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BMW M2 Competition
The Top Gear car review:BMW M2 Competition
What is it like on the road?
It’s a hoot, a real classic. You can take this epic engine to its hammer-and-tongs red-line, and smoke the tyres in big drifts. Or you can take advantage of the turbo torque and use the neatness and precision of the chassis. It’s a car with many ways to be happy.
The new engine isn’t just about power. It has depths of spine-tingling extroversion compared with the original M2’s motor (which was itself pretty darned fine let’s not forget).
Go to the red-line and drop-kick into a new gear and feel this happy savagery redouble itself as it goes back for another bite at the top end.
Lower down the revs you will find a little inevitable turbo lag, but also crashing waves of character and immersion, a whole playlist of different tones and rhythms as you use different throttle openings at different revs.
In short, there’s no finer propulsion in a car anywhere near this price.
It shakes out at a zero-to 62 figure for the manual of 4.4 seconds, or 4.2 for the flappy-paddle twin-clutch because in that one you aren’t pausing to change gear. But we’d say save money and have the manual – this is a car that’s all about driving’s sensations and interactions. The shift is solidly deliberate, so the brief pause to enjoy it is like a pause for lunch. The twin-clutch job is non-stop, but so is being fed via a drip.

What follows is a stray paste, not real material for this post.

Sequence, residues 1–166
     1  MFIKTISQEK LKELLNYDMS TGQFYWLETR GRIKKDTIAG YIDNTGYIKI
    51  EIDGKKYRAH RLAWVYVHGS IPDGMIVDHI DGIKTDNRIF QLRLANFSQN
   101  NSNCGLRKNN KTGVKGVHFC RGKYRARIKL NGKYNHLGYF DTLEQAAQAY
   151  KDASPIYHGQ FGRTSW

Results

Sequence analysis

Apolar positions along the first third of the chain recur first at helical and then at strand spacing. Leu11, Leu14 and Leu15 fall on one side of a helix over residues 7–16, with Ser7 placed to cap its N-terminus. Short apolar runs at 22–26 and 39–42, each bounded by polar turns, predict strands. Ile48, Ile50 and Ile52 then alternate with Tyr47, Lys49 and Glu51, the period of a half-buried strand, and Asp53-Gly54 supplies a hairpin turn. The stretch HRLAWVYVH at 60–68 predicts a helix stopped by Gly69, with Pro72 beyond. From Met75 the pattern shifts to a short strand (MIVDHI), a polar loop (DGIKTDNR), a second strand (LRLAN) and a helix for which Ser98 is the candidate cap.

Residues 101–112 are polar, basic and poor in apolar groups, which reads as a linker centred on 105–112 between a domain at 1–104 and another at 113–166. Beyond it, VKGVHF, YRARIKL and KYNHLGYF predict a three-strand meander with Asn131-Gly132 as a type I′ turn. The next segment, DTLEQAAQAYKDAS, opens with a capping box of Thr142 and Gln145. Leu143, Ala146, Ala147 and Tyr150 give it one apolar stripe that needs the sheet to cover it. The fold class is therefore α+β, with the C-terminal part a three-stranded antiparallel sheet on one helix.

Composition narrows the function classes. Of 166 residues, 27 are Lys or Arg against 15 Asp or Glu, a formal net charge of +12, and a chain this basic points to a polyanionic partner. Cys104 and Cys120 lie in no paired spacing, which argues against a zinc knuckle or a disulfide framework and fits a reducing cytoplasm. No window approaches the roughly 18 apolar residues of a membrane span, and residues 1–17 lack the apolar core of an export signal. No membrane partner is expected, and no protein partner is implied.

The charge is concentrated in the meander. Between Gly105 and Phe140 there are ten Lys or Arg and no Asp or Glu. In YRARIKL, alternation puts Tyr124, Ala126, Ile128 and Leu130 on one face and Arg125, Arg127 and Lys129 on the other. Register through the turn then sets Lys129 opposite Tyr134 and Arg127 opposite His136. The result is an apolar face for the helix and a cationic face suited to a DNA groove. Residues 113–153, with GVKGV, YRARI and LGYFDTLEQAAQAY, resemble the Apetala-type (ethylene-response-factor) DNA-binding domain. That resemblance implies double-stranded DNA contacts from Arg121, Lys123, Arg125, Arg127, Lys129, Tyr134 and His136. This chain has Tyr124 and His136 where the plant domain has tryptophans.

At every point between the extremes of a gentle curve and a full-on skid, the chassis is pretty much as sensational as the engine.
It’s always proportional and full of feel. Into a tight bend, you’d never believe a car with a physically large front engine could swivel its nose with such vigour. Everything else just follows. It’s awesomely balanced and biddable, and it aways tells you what it’s up to.
And despite the close relationship, it’s far more friendly and less snappy at the limit than any of today’s M3/M4 generation.
The middle pedal is firm and trustworthy, especially with the optional M Sport brake system. Know it by grey-painted calipers.
Despite the name, the Competition rides pretty well. It’s firm by regular saloon standards, but the damping is progressive. Cornering doesn’t get all messed up by lumpy surfaces, and at normal traffic speeds the M2 is a more suave and smooth companion than some of the extreme hot-hatches. Nor does the exhaust have antisocially loud tailpipes when you’re wanting to be discreet.